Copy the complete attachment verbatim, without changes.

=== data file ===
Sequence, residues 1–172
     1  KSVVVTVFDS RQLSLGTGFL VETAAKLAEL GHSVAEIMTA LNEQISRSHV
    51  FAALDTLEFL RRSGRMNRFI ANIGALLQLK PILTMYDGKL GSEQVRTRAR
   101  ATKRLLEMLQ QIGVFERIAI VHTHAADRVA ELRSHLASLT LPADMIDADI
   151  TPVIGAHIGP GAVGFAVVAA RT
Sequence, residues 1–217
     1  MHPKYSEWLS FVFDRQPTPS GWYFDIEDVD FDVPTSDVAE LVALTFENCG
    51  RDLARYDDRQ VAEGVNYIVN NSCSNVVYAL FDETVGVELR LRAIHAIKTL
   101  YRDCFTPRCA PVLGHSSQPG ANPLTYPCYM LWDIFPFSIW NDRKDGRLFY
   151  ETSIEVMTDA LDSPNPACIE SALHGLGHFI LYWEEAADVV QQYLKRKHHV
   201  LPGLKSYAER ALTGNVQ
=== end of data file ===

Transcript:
Sequence, residues 1–172
     1  KSVVVTVFDS RQLSLGTGFL VETAAKLAEL GHSVAEIMTA LNEQISRSHV
    51  FAALDTLEFL RRSGRMNRFI ANIGALLQLK PILTMYDGKL GSEQVRTRAR
   101  ATKRLLEMLQ QIGVFERIAI VHTHAADRVA ELRSHLASLT LPADMIDADI
   151  TPVIGAHIGP GAVGFAVVAA RT
Sequence, residues 1–217
     1  MHPKYSEWLS FVFDRQPTPS GWYFDIEDVD FDVPTSDVAE LVALTFENCG
    51  RDLARYDDRQ VAEGVNYIVN NSCSNVVYAL FDETVGVELR LRAIHAIKTL
   101  YRDCFTPRCA PVLGHSSQPG ANPLTYPCYM LWDIFPFSIW NDRKDGRLFY
   151  ETSIEVMTDA LDSPNPACIE SALHGLGHFI LYWEEAADVV QQYLKRKHHV
   201  LPGLKSYAER ALTGNVQ